You no longer need to book to use either Play Park.
About our play area
The new play area contains two distinct spaces – the Sensory Garden and the Wild Wood – as well as swings, hammocks and a large trampoline.
The Sensory Garden is designed with younger children in mind, although most of the equipment is suitable for a range of ages and abilities, including a variety of imaginative water play equipment. It provides a space where children can investigate and discover their world through creative play or test their physical abilities in more active play.
The Wild Wood is designed to physically challenge older children and teenagers. It includes three different tree houses of varying heights and level of challenge wrapped around existing pine trees. There’s a rope and pole agility course climbing pyramid and a zip wire, as well as sound cushions and carved woodland animals at ground level to add interest for younger children.
Throughout the play area, natural elements such as logs, boulders, water, timber and the trees help create a space that connects children to nature and provide a sense of wellbeing.
The play area includes a range of inclusive and interactive equipment – including a spinning disc, swings, musical chime walkway and a trampoline that are suitable for wheelchair users.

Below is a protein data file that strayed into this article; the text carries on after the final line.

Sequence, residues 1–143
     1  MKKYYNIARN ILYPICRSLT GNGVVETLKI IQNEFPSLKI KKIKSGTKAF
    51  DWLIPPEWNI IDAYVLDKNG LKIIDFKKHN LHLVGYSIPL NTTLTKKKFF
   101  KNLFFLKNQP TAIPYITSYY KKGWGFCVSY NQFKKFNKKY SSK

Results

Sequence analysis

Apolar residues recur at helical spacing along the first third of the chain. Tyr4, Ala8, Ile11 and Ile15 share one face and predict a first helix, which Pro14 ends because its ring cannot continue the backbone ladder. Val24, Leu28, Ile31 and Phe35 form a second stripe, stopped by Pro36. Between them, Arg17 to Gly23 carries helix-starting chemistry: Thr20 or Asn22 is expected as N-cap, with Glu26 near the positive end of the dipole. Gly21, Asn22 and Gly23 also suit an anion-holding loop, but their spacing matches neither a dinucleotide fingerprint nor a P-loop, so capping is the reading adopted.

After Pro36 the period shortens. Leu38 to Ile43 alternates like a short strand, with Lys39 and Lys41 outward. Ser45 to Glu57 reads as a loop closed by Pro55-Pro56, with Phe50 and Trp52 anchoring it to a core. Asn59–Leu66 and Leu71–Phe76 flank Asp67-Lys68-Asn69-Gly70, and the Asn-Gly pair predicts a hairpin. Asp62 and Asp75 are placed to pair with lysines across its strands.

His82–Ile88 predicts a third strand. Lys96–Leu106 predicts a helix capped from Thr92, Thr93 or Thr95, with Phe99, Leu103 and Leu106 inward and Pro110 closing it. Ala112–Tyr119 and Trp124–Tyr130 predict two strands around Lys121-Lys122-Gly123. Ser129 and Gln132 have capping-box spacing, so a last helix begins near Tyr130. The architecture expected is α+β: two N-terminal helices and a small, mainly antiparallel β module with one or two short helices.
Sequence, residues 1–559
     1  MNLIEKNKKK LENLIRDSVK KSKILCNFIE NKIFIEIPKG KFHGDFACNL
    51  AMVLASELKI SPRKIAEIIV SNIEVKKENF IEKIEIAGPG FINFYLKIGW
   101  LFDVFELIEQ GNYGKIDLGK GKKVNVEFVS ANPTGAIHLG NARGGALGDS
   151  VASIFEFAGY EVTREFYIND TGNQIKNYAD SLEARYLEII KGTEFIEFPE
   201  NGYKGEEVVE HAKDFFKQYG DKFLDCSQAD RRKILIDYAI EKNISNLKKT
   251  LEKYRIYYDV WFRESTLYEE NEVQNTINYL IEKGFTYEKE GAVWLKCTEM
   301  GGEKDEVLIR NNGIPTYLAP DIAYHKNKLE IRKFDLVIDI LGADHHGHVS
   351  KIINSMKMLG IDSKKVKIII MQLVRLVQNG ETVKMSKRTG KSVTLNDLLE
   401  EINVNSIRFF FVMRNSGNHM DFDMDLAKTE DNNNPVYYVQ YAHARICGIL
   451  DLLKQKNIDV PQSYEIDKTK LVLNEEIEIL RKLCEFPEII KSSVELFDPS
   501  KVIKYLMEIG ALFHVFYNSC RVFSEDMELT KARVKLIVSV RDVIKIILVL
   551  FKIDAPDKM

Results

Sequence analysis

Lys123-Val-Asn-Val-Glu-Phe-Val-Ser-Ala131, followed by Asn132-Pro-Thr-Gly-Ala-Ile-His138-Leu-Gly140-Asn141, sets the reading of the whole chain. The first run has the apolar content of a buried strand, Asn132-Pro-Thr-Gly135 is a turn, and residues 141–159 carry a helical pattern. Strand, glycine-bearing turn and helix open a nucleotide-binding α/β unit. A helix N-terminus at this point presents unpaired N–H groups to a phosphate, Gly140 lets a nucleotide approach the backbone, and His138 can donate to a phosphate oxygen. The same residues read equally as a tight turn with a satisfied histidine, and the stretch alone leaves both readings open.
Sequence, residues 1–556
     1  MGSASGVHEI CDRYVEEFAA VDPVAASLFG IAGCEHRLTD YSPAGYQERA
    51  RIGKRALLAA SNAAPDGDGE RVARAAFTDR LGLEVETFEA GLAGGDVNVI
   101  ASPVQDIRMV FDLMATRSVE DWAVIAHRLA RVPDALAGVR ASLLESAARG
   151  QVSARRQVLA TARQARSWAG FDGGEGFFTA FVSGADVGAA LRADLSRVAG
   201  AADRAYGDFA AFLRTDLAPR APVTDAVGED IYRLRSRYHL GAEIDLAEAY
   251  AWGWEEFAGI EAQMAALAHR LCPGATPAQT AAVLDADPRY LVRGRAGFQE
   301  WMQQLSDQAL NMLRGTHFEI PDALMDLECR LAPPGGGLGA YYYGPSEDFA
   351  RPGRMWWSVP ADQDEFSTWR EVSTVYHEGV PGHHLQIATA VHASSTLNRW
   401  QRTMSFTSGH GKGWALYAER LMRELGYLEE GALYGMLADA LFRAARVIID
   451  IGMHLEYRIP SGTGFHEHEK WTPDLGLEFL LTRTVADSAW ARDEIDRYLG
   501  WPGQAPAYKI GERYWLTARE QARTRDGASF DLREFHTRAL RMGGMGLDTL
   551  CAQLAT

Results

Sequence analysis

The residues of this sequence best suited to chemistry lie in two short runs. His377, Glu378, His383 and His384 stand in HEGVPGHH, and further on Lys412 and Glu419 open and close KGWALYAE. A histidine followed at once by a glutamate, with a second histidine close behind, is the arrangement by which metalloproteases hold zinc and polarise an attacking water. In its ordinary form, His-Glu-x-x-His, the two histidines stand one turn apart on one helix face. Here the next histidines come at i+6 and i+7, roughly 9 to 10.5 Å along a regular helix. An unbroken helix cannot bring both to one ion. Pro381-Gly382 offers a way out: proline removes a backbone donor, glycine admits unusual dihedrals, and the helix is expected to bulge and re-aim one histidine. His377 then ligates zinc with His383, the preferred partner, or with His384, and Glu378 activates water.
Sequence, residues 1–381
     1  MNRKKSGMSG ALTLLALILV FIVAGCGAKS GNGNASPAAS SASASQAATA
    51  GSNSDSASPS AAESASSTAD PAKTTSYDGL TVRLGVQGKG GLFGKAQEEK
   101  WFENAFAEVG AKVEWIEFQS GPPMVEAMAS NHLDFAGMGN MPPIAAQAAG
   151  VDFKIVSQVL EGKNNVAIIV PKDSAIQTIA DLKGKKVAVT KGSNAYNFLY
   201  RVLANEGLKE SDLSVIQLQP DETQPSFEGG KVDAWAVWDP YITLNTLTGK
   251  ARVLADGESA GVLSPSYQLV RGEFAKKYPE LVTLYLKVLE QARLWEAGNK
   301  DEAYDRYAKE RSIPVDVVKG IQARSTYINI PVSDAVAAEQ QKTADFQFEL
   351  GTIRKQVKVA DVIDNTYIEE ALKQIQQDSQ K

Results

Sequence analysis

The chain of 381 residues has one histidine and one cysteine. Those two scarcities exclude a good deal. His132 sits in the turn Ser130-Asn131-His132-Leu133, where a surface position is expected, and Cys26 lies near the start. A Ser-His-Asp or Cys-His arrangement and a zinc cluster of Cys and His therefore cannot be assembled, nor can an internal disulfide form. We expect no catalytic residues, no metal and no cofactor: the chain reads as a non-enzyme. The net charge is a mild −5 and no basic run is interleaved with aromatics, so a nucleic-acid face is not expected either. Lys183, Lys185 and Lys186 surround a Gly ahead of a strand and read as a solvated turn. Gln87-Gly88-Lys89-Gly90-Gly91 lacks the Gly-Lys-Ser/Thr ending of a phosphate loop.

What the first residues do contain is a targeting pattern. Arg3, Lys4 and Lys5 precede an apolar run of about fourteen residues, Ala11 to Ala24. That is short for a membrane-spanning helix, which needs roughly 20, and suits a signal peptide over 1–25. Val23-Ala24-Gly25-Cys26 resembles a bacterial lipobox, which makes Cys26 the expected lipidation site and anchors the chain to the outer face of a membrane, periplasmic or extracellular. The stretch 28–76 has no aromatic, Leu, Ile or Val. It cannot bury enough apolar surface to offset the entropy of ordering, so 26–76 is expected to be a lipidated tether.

Additional seating has been created, for parents and carers as well as visitors using of the paddling pool. Other improvements to the café, public toilets and car parks were completed in preparation for the new play area earlier in the year, including a changing places facility for disabled users.
The play area is designed to have year-round appeal for local families and their children. Accessibility has also been improved with new surfaced paths to the paddling pool, café and toilets. It was built by our partners Green Play Project.
Where is the play area?
The children's play area is located near lake front and café. There is a circular path around Longmoor Lake providing easy access for pushchairs. The play area is also just a short walk away from the orange bog and heathland, which forms part of our Site of Specific Scientific Interest (SSSI) status for the park.
Boardwalk and laid paths provide easy access across the bog. Interesting wildlife such as sphagnum mosses, springtime orchids, adders, and silver studded blue butterflies can be found here and on the heathland.